Better policy-making means better policies

27th January, 2012 5:47 pm

In policy terms, Labour is facing its biggest challenge for a political generation.  In order to respond to the ongoing economic crisis and the resultant constraints on public spending (not to mention the Arab Spring, the aftermath of the summer riots, the question of Scottish independence, a crisis of confidence in the media, and any number of other issues that in ‘normal times’ would take top billing) the party must re-examine many of the assumptions which have underpinned policy in recent years.  Opposition also requires a very different approach to policy than government – a transition that Labour has not yet completed.

For these, and other, reasons it is clear that there is an urgent need for brave and innovative policies if Labour is to present a credible alternative to the Government which remains true to Labour values.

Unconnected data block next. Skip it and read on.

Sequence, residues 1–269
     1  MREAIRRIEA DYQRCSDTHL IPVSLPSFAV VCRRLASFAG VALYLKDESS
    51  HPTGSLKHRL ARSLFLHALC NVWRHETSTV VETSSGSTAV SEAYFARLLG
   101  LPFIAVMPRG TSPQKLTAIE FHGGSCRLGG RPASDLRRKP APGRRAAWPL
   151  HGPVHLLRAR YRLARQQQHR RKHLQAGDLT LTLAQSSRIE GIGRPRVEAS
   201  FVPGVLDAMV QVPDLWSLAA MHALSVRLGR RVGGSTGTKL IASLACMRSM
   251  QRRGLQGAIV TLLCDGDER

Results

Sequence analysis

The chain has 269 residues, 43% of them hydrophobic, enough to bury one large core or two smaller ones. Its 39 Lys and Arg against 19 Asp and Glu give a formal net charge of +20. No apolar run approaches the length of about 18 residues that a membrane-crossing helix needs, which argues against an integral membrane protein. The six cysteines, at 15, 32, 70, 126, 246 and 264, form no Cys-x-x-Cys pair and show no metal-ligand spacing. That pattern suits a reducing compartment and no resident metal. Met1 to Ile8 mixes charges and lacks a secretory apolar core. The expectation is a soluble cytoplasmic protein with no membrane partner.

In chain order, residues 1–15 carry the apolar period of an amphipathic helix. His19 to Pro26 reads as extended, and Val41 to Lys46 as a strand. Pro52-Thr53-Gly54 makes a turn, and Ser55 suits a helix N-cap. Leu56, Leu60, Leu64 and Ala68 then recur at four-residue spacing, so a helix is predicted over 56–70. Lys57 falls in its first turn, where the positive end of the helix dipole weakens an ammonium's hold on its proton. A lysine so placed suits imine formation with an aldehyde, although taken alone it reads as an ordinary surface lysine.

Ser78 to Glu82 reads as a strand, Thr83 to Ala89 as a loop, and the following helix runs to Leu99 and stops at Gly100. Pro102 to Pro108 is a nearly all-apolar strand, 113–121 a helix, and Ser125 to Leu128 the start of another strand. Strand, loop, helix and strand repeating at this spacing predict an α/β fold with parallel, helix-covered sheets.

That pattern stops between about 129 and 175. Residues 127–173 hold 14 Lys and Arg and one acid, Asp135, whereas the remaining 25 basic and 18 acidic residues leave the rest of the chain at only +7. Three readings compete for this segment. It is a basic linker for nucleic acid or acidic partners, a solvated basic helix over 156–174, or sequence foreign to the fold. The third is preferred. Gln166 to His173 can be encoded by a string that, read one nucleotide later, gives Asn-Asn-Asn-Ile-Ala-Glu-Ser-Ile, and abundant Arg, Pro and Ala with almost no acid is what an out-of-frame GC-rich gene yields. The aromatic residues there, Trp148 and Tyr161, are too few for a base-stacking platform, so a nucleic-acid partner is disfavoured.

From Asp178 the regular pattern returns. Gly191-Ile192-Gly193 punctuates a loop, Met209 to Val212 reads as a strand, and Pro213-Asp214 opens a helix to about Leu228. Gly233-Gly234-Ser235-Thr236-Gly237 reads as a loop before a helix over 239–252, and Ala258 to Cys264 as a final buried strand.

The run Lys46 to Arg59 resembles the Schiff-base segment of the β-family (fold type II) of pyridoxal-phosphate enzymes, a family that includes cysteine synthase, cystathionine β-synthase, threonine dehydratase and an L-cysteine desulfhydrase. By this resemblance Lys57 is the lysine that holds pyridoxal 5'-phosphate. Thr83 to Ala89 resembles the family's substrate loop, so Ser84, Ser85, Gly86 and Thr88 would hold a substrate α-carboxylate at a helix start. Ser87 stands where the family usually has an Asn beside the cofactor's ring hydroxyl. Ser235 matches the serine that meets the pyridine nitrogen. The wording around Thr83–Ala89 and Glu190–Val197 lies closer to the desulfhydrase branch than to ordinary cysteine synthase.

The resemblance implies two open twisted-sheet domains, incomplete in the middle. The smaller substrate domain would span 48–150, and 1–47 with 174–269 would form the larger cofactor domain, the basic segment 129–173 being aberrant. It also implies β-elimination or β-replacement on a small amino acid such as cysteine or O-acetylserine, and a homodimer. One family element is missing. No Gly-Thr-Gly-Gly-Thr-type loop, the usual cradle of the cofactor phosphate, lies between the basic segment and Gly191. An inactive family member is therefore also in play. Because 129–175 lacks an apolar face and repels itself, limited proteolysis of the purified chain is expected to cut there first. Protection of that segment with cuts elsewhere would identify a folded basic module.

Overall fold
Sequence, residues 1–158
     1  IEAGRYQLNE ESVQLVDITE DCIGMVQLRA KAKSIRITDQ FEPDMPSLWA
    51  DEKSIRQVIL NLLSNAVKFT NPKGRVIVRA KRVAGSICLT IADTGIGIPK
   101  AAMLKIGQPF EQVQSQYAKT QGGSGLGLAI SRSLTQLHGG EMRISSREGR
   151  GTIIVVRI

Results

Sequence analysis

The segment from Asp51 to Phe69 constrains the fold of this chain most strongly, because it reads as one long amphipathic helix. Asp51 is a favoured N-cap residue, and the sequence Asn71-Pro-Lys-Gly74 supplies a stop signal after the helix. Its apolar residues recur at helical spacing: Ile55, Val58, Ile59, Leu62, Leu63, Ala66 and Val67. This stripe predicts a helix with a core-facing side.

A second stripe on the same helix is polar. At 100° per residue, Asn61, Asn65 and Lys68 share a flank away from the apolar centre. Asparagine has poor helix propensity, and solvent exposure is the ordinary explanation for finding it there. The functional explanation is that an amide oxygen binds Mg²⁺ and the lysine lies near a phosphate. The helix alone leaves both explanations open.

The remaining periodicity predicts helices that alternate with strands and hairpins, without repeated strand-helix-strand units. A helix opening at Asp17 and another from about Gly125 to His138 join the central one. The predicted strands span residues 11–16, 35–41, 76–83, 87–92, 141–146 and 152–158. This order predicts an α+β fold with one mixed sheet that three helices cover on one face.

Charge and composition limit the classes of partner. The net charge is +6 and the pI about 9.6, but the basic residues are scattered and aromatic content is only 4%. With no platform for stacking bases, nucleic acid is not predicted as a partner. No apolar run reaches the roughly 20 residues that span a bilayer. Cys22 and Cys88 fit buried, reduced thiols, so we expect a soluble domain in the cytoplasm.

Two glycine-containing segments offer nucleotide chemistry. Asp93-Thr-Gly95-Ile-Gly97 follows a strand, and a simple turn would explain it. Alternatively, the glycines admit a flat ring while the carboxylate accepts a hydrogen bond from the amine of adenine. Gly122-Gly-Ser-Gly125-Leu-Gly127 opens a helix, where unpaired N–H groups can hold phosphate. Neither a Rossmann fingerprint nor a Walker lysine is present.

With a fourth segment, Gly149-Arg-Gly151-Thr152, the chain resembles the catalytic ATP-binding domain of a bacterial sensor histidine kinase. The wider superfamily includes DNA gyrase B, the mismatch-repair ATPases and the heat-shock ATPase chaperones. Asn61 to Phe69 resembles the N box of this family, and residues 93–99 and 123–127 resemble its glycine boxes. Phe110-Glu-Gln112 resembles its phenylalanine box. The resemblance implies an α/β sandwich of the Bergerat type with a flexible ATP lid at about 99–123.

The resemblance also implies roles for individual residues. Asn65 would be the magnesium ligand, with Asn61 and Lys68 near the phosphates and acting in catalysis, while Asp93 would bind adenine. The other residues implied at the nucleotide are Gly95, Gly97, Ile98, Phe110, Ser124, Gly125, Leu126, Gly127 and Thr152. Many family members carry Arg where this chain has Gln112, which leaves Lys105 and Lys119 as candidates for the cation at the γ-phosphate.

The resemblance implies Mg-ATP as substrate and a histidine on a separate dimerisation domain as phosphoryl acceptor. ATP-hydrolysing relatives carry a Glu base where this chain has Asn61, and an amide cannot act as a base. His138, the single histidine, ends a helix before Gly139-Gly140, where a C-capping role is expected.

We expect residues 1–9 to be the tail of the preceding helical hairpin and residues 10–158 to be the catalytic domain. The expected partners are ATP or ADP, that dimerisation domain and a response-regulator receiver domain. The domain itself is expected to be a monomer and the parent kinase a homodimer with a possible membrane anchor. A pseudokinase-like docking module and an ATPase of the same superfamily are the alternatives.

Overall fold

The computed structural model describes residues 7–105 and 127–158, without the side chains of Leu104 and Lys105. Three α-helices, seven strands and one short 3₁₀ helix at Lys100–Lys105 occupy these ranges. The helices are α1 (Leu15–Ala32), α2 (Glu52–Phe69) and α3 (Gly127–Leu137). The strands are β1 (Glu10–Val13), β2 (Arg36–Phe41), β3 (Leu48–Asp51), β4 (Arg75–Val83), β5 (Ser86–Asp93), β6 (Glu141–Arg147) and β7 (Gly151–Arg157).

It’s all too easy to leap from this starting point to a substantive (and very interesting) discussion of policy itself (What to do about the deficit? How to regulate the markets to maximise economic and social benefit?), but it’s worth taking a step back and first considering how Labour makes policy.

It is not enough for Labour policy-making to come up with the right answers to the big questions.  Effective Labour policy-making also needs to secure broad public support, help to build Labour as a mass political movement, and be accountable to Labour’s grassroots.